include shore-launched cruise missiles, diesel submarines, mines, missile boats, and torpedoes. Because of this, the Navy has placed new signature reduction requirements on new platforms such as DD 21 and the New Attack Submarine (Virginia class). These signature reduction design requirements are being set in all signature categories: acoustic, radar, magnetic, visual, and infrared. It is anticipated that all future platforms will be assigned signature reduction requirements more stringent than their predecessors.
The variety of threats and the budgetary restrictions suggest a rethinking of weapon characteristics as well. If capable sensors can be married to high-performance weapons, then ship characteristics can be matched to the resulting performance. For some scenarios, high-speed weapons launched from a stealthy platform can result in the most cost-effective total system. For the hydrodynamicist and hydroacoustician, the stringent future requirements for platform stealth and weapon speed will provide S&T challenges for the next decade.
The paradigm for engineering design and system development is changing. Throughout most of the twentieth century, the development of complex systems, including warships, was based on a limited amount of relatively simple analysis and a large amount of prototype testing. Over the past decade there has been a significant shift to much more analysis, computation, and physics-based simulation of different system alternatives prior to fabrication and physical testing. The prime enabler of this shift has been advances in computation technology. The benefits are shorter design time, reduced testing costs, and better products, as exemplified by the Boeing 777. This new approach to engineering design and system development will significantly alter the way that naval platforms and weapons are developed in the future.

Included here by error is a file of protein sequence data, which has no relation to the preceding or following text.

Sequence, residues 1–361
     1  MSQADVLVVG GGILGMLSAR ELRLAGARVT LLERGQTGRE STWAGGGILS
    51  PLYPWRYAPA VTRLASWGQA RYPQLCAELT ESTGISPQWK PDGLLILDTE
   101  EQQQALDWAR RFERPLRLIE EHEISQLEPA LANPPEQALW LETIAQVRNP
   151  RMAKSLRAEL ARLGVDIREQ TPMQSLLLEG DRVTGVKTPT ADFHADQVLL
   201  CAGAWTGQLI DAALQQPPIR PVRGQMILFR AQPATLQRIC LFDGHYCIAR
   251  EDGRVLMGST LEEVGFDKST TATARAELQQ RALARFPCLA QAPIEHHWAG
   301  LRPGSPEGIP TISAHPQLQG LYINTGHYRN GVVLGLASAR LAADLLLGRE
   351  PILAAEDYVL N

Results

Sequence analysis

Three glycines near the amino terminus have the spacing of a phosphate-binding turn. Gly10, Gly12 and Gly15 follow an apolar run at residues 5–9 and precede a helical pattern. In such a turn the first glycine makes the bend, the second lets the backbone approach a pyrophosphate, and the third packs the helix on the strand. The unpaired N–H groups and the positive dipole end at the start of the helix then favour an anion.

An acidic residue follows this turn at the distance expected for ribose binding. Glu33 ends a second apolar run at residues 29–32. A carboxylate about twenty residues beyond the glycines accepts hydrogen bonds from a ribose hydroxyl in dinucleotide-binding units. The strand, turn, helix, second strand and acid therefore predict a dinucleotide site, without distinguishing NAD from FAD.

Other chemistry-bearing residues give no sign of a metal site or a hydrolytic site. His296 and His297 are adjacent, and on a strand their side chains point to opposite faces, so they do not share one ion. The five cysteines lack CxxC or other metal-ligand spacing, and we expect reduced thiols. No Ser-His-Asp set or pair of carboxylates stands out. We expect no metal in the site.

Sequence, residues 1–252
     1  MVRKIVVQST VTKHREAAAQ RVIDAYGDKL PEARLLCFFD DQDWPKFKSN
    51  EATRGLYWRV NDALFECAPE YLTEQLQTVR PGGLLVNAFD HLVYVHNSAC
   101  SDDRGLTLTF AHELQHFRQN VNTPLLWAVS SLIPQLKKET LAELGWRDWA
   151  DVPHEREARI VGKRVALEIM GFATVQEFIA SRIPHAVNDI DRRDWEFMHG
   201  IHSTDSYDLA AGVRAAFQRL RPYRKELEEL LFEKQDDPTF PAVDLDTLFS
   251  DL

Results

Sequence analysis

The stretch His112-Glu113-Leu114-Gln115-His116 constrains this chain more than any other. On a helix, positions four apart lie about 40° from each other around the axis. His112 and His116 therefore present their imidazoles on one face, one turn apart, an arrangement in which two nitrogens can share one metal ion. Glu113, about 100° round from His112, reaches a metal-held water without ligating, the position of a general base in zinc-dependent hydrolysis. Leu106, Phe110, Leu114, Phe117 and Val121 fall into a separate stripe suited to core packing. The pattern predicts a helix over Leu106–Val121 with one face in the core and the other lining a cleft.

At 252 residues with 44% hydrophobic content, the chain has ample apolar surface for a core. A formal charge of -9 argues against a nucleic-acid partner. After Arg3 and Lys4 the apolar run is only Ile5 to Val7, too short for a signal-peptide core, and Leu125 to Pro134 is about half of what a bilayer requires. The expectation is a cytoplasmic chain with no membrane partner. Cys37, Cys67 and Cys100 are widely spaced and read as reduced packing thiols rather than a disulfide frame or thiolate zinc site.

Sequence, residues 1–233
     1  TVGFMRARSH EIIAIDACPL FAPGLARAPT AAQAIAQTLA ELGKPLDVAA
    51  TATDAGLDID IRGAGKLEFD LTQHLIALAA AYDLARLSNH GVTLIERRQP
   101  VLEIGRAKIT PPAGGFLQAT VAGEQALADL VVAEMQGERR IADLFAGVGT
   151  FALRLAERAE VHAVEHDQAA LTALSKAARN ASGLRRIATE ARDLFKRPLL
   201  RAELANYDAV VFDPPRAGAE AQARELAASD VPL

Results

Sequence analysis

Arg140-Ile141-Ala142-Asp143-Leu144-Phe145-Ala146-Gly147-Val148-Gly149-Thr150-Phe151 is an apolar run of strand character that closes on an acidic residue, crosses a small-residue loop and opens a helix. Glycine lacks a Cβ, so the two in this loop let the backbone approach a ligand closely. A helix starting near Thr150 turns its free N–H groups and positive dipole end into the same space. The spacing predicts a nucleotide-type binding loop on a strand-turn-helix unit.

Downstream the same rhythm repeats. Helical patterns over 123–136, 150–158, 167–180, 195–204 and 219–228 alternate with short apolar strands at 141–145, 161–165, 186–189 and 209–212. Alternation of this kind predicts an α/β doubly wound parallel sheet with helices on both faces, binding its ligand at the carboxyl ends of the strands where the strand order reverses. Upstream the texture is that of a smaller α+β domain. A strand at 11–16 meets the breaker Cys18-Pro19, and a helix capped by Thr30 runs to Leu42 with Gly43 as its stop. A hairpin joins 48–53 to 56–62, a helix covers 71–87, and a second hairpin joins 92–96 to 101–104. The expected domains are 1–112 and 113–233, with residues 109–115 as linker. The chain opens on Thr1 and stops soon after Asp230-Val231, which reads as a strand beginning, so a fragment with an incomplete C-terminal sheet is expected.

There have also been changes in the nature of academic programs and research. Programs aimed at specific industries and systems, such as railroads, automobiles, electric power, and ships, have largely been phased out. The needs of those industries for engineers are now largely met by graduates of broader programs, such as mechanical engineering, chemical engineering, electrical engineering, and computer science, working together in multidisciplinary teams. The funding for university research has also undergone a shift that emphasizes multidisciplinary team research rather than focused, fundamental work by individual faculty. This has made it increasingly difficult for experts in fields of special interest to the Department of the Navy to maintain their more specialized research programs.
Table 2.1 and Figure 2.1 show naval hydromechanics funding from FY94 to FY99. Data provided by ONR show that both 6.1 and 6.2 funding levels in hydromechanics at ONR have been in overall decline since at least FY94. This decline probably extends further back in time and is consistent with the overall decline in government support for basic and applied engineering research. Except for FY99, no funding was allocated to 6.3 hydromechanics.
In constant FY99 dollars, category 6.1 core funding has declined by 47 percent since FY94, with a maximum reduction of 50 percent in FY98. Overall 6.1 funding approximately doubled from FY98 to FY99, but 86 percent of that growth came from one-year funds directed at short-term applications. The long-range core funding picture is hardly affected by this one-time infusion. Category 6.2 funds are 181 percent above their FY94 levels in constant FY99 dollars, after a low in FY96 of 35 percent below FY94 levels. However, about one-half of the growth in FY99 is a one-time infusion, similar to the 6.1 case.